Upon return to Brazil, Villa-Lobos’s involvement with politics and educational music-making after the 1930 Getúlio Vargas coup meant that he was responsible for the organisation of a great many public ceremonies and events at which music was used to glorify the country’s achievements and aspirations and to stimulate a sense of unified nationhood. These activities reached their height in 1937. At one of the ceremonies in Rio de Janeiro that year, ostensibly celebrating the end of an academic period, a work for flute and guitar by Villa-Lobos, Motivos Gregos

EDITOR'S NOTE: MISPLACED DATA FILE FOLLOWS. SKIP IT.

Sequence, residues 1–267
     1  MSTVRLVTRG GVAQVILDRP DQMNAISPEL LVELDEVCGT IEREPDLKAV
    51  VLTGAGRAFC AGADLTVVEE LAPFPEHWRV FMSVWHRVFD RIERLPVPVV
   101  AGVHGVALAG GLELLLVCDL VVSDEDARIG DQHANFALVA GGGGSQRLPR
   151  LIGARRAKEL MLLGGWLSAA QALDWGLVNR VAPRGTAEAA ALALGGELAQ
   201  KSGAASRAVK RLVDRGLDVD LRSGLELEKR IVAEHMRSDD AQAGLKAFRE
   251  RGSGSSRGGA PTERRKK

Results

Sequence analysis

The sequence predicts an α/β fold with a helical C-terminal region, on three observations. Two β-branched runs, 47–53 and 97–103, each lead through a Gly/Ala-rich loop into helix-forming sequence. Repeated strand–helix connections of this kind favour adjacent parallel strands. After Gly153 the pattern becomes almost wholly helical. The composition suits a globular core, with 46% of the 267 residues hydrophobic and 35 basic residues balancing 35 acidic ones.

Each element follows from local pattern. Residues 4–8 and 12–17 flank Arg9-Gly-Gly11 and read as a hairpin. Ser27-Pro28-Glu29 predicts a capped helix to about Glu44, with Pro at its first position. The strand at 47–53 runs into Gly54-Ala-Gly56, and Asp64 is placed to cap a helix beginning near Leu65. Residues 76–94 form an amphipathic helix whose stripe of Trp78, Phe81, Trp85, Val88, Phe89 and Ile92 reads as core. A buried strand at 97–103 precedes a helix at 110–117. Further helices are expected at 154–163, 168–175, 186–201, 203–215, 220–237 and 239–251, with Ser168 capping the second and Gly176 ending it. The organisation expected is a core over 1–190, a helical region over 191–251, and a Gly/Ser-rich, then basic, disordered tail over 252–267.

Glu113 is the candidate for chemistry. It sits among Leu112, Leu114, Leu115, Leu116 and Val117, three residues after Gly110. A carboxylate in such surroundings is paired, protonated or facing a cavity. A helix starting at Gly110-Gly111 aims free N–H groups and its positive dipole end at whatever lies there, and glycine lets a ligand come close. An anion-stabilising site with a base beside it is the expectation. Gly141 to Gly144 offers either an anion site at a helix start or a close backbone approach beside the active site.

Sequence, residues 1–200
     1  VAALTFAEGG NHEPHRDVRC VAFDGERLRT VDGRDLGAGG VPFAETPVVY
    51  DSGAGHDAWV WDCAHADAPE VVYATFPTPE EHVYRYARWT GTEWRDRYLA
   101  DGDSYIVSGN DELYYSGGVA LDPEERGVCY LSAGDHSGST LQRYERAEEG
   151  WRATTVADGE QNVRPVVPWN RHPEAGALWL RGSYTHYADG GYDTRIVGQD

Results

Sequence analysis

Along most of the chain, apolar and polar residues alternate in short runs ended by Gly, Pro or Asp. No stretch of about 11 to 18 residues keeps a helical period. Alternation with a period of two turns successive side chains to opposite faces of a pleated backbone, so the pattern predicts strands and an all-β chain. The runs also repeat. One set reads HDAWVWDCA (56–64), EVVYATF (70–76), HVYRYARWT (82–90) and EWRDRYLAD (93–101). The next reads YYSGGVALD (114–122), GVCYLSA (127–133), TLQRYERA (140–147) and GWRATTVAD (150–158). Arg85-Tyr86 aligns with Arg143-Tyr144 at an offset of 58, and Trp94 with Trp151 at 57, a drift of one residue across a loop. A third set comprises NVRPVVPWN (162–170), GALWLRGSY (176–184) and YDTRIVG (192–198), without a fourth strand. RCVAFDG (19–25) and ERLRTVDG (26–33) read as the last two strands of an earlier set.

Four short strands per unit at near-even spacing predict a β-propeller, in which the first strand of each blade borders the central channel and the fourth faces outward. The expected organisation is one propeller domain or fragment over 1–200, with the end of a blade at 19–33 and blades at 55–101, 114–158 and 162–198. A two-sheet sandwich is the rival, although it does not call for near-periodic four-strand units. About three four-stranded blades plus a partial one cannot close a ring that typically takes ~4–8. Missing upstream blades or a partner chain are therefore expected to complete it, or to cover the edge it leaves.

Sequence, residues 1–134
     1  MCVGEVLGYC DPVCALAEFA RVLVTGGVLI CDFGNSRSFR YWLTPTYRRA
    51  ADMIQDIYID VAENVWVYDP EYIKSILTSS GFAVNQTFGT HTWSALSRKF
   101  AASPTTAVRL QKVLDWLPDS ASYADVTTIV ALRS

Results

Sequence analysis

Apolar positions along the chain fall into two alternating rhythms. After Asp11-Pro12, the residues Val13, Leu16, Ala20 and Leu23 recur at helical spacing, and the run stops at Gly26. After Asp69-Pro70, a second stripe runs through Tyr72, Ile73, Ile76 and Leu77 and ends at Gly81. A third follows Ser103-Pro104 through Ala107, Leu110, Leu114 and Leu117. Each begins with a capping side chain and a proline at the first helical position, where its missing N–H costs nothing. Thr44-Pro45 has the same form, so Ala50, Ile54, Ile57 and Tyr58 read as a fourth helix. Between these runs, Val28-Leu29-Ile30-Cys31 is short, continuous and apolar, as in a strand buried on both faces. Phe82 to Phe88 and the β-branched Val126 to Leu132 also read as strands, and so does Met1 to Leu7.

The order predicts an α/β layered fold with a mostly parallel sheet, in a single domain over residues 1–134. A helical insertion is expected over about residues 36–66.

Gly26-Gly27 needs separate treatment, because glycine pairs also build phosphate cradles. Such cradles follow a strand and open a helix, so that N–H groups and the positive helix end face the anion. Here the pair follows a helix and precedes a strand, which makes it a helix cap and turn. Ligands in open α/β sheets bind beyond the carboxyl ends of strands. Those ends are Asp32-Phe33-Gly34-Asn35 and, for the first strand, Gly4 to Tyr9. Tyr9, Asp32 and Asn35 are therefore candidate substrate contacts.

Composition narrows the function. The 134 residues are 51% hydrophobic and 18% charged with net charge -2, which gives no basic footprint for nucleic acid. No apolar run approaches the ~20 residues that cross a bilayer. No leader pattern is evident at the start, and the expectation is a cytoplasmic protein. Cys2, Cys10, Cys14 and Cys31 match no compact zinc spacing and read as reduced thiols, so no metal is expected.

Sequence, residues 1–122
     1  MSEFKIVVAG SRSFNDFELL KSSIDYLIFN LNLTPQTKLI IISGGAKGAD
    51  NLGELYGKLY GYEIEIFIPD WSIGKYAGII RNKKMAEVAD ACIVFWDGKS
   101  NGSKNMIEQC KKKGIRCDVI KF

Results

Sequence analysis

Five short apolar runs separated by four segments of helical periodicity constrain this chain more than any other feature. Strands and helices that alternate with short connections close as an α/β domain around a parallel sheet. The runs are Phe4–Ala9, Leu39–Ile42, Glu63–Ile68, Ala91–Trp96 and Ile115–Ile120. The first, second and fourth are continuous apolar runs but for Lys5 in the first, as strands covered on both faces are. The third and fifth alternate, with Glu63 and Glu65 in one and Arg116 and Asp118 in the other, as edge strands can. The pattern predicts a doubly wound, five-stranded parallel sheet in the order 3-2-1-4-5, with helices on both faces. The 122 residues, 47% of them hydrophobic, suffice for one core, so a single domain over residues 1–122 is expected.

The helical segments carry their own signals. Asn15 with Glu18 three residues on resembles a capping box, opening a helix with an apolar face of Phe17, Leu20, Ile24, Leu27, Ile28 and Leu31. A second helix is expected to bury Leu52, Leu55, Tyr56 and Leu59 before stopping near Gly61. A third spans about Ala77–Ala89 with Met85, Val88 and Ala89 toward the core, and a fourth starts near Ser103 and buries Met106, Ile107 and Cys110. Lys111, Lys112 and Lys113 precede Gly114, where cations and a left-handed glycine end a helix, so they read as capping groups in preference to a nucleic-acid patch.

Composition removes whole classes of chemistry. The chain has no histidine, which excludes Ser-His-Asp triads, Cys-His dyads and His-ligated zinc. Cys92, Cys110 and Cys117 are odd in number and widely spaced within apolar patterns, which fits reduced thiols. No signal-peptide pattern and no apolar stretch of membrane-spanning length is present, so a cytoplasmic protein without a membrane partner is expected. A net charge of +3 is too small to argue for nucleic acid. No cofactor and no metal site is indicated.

, was first performed, which here included optional chorus and ballet. It was eventually published as Distribuição de flores
(‘Distribution of Flowers’) ‘based upon Greek motifs’. The short work evokes the same Greek antiquity in which Villa-Lobos had immersed himself during the composition of several early symphonic poems (1916), in turn stimulated by a love of classical myth instilled by his father.
from notes by Simon Wright © 1989